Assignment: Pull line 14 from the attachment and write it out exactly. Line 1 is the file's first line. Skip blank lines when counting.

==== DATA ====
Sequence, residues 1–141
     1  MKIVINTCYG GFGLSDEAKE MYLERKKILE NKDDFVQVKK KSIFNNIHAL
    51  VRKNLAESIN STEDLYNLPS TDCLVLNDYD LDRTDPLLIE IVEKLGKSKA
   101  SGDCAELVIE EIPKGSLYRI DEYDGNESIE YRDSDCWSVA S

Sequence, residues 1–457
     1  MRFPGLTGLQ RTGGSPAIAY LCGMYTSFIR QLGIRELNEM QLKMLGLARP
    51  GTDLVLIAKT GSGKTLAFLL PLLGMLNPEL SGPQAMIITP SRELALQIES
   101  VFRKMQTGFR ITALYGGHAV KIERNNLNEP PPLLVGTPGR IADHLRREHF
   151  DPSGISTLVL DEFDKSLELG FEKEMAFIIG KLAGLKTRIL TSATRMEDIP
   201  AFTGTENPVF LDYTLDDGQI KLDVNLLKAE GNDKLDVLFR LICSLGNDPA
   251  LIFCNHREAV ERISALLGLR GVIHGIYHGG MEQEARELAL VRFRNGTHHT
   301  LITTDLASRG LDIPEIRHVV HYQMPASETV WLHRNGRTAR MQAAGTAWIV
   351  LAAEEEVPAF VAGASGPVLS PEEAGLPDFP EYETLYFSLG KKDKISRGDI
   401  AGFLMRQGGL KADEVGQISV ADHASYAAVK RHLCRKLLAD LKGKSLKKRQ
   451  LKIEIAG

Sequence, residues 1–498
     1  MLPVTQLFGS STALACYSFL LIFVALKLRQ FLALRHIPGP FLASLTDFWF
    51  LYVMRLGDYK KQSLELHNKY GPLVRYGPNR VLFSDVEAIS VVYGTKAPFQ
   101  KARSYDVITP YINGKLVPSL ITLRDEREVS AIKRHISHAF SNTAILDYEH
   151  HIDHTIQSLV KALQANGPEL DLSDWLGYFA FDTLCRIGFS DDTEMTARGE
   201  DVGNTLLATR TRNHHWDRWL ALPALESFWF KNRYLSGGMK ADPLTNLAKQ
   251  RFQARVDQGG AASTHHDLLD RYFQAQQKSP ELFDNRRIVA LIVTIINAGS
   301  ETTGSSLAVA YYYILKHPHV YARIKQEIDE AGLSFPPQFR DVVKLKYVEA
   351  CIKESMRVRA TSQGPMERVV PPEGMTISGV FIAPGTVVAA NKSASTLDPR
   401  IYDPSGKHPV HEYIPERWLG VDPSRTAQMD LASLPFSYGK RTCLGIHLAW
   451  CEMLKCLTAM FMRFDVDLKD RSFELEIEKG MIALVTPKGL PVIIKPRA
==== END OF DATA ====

   401  AGFLMRQGGL KADEVGQISV ADHASYAAVK RHLCRKLLAD LKGKSLKKRQ